Ruby on Rails Security 101
A beginners guide
This post is based on a lightning talk I gave at the Melbourne Ruby Group’s Newbie Night on August 29th 2013.
Security is a very broad topic, so a lightning talk can’t even begin to scratch the surface. The three things you need to know are:
- People fuck it up all the time.
- You will too.
- Hopefully you don’t make the news.
You should know where to look in order to protect yourself.
Know Your Tools
Ruby on Rails is a tool, one that you will rely heavily on to make you efficient and keep you secure. Reading the security policy will help you understand the process Rails goes through when security issues are identified and reported.
The most important take away is that you should subscribe yourself and your colleagues to the Ruby on Rails security mailing list.
Then you need to always be in a position where you can upgrade Rails and deploy a new version of your application. Every minute you’re running a version of Rails with a known security vulnerability is a minute closer to you having a really bad time. It won’t take long before metasploit is updated to target that vulnerability.
Know Your Domain
If you’re going to build a web application, you need to understand the types of vulnerabilities that are common. Even if you’re not running banking software, your application will be exposed to these types of exploits: your servers are still useful to a botnet.
The Open Web Application Security Project (OWASP) is a great resource for understanding the general problems. They maintain a list of top 10 exploits:
- Broken Authentication and Session Management
- Cross-Site Scripting (XSS)
- Insecure Direct Object References
- Security Misconfiguration
- Sensitive Data Exposure
- Missing Function Level Access Control
- Cross-Site Request Forgery (CSRF)
- Using Components with Known Vulnerabilities
- Unvalidated Redirects and Forwards
If you don’t know what these terms mean, you’ve got a lot to learn.
The top vulnerability listed by OWASP is injection attacks. One particular type of injection attack is the SQL injection attack. If you’re using Rails as it comes out of the box, then you’re using ActiveRecord to talk to your database. It’s generally a safe library to use, and will sanitize raw SQL arguments for you. Some of ActiveRecord’s API however does not, the Rails SQL Injection site maintains a list of unsafe ActiveRecord API’s. It’s a great lesson in what not to do.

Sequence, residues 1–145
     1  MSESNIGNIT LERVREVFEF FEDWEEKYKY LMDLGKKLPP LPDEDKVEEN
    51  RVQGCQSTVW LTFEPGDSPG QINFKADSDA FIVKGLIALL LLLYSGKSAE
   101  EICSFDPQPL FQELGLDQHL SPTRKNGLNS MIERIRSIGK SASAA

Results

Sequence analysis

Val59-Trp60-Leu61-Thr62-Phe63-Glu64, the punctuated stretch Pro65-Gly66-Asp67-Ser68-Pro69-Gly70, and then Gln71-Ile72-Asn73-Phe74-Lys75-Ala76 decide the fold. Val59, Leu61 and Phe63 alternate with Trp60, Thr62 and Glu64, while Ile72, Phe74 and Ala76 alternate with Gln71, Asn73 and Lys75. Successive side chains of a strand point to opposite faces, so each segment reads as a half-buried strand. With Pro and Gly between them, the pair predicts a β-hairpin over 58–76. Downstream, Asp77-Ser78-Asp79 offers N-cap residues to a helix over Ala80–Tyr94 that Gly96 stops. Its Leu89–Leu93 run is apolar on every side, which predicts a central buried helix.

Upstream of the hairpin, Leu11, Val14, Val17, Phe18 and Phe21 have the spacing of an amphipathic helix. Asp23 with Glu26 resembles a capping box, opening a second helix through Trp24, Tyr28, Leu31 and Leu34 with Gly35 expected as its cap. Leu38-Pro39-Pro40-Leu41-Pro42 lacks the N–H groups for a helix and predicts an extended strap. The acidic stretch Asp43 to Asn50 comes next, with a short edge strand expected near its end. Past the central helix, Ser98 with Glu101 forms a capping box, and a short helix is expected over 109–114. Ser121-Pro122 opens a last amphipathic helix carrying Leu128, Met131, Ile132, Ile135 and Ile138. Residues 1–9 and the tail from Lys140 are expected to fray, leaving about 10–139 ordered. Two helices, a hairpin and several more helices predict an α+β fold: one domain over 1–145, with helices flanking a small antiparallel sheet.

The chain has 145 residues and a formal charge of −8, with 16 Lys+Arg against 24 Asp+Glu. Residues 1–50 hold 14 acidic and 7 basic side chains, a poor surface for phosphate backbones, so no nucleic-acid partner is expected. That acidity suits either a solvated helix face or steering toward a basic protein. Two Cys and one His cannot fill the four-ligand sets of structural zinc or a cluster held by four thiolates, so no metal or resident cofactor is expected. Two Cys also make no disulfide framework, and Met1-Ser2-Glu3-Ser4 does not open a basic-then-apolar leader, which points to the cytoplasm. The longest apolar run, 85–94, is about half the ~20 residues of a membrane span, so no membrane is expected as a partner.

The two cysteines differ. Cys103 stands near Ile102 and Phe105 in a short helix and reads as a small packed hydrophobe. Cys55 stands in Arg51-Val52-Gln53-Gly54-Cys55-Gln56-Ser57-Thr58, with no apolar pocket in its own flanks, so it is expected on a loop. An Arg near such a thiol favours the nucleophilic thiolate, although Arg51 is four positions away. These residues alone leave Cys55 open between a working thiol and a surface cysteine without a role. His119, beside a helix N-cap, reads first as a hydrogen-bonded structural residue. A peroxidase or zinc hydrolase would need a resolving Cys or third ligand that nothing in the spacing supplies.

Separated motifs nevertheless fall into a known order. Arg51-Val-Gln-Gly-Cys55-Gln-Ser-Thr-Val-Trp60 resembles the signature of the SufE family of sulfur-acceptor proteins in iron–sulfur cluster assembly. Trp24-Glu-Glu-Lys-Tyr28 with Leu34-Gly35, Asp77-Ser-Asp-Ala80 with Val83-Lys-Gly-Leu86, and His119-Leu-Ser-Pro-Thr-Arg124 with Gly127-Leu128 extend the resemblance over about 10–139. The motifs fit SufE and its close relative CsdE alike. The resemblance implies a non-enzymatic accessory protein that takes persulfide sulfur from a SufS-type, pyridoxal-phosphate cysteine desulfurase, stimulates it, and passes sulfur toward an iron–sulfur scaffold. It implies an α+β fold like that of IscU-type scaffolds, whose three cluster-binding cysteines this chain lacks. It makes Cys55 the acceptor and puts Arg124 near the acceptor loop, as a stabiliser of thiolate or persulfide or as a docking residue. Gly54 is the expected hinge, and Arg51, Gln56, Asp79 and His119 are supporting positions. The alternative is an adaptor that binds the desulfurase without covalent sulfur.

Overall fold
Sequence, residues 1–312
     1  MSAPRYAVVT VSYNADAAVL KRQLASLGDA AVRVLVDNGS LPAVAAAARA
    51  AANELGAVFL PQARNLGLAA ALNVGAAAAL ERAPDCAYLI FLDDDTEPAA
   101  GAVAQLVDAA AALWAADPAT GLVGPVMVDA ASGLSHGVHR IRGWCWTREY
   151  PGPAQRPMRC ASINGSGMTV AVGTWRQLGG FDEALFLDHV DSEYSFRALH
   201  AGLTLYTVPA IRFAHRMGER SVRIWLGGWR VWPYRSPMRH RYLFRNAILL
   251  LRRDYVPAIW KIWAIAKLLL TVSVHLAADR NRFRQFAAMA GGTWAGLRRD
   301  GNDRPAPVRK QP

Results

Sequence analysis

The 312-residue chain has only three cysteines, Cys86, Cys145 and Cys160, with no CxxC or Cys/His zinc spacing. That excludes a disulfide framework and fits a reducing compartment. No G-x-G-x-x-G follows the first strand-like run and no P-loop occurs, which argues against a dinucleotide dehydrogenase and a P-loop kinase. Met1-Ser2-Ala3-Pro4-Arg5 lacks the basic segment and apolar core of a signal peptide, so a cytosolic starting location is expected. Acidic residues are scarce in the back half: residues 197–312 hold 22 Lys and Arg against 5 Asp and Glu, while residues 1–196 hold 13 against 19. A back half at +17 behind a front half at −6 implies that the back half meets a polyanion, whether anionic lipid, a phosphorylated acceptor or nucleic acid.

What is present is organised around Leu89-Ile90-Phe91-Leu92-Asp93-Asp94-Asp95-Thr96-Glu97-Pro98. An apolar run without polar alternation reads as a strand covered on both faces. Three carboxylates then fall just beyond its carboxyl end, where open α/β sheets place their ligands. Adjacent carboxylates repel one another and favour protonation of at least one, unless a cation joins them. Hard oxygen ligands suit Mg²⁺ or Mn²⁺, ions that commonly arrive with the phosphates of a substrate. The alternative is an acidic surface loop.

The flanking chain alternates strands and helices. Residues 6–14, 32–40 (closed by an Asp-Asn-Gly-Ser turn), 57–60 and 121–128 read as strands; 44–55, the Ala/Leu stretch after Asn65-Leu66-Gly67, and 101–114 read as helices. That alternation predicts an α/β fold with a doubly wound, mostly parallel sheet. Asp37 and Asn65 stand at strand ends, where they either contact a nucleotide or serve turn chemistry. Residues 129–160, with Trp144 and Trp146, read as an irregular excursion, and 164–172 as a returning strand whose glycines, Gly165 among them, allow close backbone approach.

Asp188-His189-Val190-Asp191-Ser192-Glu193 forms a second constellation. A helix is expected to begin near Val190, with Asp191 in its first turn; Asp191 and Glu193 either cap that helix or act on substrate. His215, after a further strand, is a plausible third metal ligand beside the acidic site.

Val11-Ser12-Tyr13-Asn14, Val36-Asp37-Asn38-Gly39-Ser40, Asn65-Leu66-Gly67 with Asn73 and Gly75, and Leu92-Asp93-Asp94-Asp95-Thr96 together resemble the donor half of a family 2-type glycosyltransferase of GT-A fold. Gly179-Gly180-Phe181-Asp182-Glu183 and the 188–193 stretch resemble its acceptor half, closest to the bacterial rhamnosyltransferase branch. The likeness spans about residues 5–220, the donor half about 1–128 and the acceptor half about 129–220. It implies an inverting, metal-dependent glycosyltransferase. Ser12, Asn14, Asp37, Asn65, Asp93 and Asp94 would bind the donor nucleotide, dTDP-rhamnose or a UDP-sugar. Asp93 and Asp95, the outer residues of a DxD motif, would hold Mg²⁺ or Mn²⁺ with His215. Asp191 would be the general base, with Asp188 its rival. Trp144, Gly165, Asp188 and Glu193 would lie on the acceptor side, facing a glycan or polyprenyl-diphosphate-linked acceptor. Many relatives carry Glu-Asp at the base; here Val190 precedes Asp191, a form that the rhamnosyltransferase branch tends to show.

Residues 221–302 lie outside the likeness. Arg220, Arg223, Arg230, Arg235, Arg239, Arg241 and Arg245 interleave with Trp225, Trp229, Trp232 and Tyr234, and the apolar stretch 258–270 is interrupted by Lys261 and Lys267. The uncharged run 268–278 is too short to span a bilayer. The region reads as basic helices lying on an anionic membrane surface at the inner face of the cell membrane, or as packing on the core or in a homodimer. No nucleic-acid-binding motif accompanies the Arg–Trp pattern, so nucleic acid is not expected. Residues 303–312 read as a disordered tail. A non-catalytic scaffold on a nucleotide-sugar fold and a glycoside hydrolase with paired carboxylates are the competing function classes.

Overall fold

Finally, the Code Climate blog has an excellent article on Rails Insecure Defaults. If you care about your craft, you can do much worse than to read their blog and the articles they link to on twitter.
Build a Safety Net
There is an aweful lot to take in and understand. The good news is that a lot of best practices and misuse of API’s can be found using static code analysis (a program that reads your code).
Brakeman Scanner is one such tool. It’s purpose build to scan Ruby on Rails applications and detect known vulnerabilities. You should add it to your test suite, fail the build if it finds anything.
Can someone do it for you? Yes, yes they can. Code Climate is a hosted service that will analyse your code base for all sorts of bad practices, including known security vulnerabilities. Well worth the money if you value your code base.
Twitter’s Secure Headers gem is also worth a look if you want to be forward thinking and offer extra protection to your users on modern browser. It won’t help those stuck on IE6 though.
Finally, the Rack Protection gem is another line of defense you can add to your code base. It prevents all sorts of interesting attacks before they even hit your Rails code.
Security is hard. Understand your tools, your domain, and build a safety net into your application and development life cycle. Don’t trust me though, verify everything yourself.
If in doubt,hire a security expert.